The idea here is to a) prevent furniture climbing and b) reward lying elsewhere (like the floor or a dog bed). It is incredibly useful to have an exercise pen handy for this. I find it speeds the transition for a new puppy or dog tremendously. Even if you don’t have an x-pen (as they are called for short), make sure your pooch has a chewy down on the floor before he is tempted to get on the couch. If he likes to lie down on a very soft surface, provideLyingbesideCouch him a cushy dog bed so the couch won’t tempt him as much. Initially you can tether him to a heavy piece of furniture within range of the dog bed (provided you’ll be present). If you do this whenever you are seated on the sofa, at the computer, or at the table, you will condition him to occupy himself quietly at those times. If you are consistent, it will become a habit for him.

To prevent him from leaping onto the sofa when you first enter the room, have him drag a lightweight line or light leash for a week or so. Be ready to step on the line to prevent him bolting for the couch, and then direct him to his bed or place near the couch he can work on his chew toy.

If you are already seated and he enters the living room, be ready; don’t wait to see what he’s going to do next. Call him to you with a treat held down near the floor. You can also teach him to nose touch—-ask him to do that before he has a chance to consider the couch. Try having your dog do a couple of sits and downs to help him get the ants out of his pants before encouraging him onto his dog bed and tethering with a chewy. You can also imagine you are a soccer goalie, and physically block the couch with your body. Slide or move left and right if your dog tries to get by you (no need to say anything, it will just distract him). Many dogs get the message after a few attempts and decide it’s less trouble just to lie beside the couch.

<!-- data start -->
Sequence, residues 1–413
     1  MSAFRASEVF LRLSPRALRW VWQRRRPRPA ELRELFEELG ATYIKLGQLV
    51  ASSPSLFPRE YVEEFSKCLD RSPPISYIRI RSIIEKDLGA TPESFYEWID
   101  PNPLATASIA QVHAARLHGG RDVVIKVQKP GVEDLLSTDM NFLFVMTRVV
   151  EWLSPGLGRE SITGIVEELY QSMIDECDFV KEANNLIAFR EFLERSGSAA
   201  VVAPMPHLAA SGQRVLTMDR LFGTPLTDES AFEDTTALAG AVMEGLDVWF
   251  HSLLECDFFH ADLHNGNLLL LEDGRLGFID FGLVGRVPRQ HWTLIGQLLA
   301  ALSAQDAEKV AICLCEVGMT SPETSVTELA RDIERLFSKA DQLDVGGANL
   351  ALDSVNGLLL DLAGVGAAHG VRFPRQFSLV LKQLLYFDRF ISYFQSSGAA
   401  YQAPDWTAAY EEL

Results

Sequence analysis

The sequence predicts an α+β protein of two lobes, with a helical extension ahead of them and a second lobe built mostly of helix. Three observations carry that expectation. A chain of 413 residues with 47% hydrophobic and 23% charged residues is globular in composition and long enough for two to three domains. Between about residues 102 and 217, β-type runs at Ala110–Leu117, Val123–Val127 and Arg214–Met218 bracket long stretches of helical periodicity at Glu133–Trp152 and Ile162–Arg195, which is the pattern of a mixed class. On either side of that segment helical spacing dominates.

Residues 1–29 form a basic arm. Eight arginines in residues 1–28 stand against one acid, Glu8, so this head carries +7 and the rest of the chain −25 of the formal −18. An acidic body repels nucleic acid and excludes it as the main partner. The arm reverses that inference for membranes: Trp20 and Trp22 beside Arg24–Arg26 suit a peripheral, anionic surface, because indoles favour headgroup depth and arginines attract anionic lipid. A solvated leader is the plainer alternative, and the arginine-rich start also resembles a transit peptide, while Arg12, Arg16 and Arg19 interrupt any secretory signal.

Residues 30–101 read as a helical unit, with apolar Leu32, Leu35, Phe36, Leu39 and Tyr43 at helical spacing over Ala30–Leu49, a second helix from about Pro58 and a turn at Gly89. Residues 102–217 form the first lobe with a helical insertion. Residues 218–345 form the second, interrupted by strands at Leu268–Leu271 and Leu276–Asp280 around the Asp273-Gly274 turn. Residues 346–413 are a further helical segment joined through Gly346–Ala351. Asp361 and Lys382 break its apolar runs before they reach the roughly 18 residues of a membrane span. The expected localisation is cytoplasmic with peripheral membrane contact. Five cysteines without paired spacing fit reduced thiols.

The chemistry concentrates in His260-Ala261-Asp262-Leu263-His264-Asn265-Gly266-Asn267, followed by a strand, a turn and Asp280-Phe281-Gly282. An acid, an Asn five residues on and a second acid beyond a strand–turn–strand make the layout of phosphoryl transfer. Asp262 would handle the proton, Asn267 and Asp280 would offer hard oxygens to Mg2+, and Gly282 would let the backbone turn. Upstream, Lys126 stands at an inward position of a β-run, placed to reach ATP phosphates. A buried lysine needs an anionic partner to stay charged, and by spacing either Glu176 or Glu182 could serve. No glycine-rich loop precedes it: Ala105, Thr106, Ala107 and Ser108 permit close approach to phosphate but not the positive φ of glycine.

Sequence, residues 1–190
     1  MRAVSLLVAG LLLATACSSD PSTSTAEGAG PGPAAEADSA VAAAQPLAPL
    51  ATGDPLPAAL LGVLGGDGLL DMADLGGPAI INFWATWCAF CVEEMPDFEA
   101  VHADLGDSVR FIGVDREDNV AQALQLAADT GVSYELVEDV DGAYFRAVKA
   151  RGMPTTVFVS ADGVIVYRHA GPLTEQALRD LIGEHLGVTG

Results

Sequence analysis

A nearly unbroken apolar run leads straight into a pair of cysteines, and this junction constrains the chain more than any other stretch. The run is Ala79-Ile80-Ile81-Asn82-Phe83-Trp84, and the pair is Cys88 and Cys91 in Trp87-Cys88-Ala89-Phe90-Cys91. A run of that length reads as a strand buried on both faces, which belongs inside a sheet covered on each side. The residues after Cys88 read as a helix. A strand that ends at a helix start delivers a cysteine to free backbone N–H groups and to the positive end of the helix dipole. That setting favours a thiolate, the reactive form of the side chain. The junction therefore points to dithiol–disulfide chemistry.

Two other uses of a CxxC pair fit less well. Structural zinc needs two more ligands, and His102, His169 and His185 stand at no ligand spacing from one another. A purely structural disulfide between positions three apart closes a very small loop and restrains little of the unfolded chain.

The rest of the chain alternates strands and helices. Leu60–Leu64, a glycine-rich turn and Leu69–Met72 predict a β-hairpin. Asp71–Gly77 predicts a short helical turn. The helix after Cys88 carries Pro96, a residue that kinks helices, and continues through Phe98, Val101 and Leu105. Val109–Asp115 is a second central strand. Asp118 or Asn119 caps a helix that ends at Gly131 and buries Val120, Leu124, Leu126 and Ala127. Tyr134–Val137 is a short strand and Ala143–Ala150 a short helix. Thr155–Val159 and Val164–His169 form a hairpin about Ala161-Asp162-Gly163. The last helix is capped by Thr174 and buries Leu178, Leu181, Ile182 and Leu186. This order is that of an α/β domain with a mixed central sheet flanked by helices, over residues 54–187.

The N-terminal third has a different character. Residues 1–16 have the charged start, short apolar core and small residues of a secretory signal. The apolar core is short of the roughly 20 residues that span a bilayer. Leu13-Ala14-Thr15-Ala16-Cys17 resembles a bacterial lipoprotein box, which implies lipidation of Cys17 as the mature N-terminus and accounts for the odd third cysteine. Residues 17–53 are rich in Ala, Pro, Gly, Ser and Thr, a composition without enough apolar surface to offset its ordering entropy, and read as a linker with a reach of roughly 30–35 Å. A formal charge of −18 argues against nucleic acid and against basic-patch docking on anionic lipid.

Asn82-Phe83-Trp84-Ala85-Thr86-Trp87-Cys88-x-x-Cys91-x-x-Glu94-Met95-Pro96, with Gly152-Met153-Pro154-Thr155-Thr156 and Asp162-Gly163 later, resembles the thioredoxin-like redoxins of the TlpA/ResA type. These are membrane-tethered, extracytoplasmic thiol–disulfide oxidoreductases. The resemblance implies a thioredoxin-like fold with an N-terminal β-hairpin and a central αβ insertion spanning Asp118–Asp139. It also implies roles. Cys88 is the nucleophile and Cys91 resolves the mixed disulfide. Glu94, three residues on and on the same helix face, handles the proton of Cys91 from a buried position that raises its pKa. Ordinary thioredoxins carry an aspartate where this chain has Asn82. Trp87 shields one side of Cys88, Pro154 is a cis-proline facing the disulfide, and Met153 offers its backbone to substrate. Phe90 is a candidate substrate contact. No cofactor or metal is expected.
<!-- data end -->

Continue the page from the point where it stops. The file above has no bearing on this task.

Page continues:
During the training process, which depending on the dog might be a couple of weeks or less, prevent access to the furniture when you can’t supervise. Crate your dog, close the living room door, or use baby gates to prevent access.

Furniture consequences: Your guests will hardly know you have a dog.IMG_1359

Allowing your dog one piece of furniture

Training difficulty:  This is the trickiest option to teach. Follow the guidelines for never being allowed on the furniture, but with the following exception: Teach your dog to ask for permission to get up on the allowed piece of furniture. Have him sit, and release with “Ok!” as you pat the sofa. Just to keep things clear (which always smoothes the training process) make sure he never gets on the designated couch or chair without permission at first. Self-control and manners first, then furniture time.

Furniture consequences: Most of your furniture will be hairless, except of course for the chair he’s allowed up on. Consider using metal cookie trays spread out on the off-limits pieces in your absence (store them under the cushions) until he’s in the habit of using only the chair you’ve selected.

I don’t recommend booby-trapping furniture. I know of dogs who have become wary of the entire living room as a result, or fearful of whomever was standing nearby when they were spooked, which are much bigger problems than a little dog hair. Just use a throw blanket and call it a day.

Housetraining Hint #4–last one!

It is time to wrap up the weekly series of housetraining hints. I had a few tips in mind, but it became obvious which one to share when a big issue came up several times in training appointments this past week. The trouble rears its head when you think you are a roll; house training is going well overall, yet you continue to find occasional puddles or piles your dog has left behind. If this is what you’ve been going through, then this hint is for you:

Until your dog is house trained, do not allow her to roam unsupervised indoors.wolfpeeing

That means your dog should be outdoors being praised the moment she finishes doing her business, indoors in her crate, or indoors under your direct supervision. This means you can see her every moment and you know exactly what she is doing between potty opportunities. If you get involved with your kids, your other dog, a phone call, or your computer, your dog can slip behind a piece of furniture, into the next room or find a little-used room (like a guest room or the dining room) to relieve herself.

Contrary to popular belief, she is not being sneaky, rather, she is trying to keep the areas in which you eat and socialize clean by going off to do her business. Don’t put her in that position and create housetraining problems. Make sure you can see her, so that if she gets restless and you suspect she may need to go, you can quickly get her outside to continue to build on success. In order to watch her closely enough, you may need to close doors, use baby gates or an exercise pen, or tether her near you with a chew toy to keep her busy. It’s a small, and very temporary, inconvenience for the peace of mind you’ll have knowing you’re on your way to a house trained dog.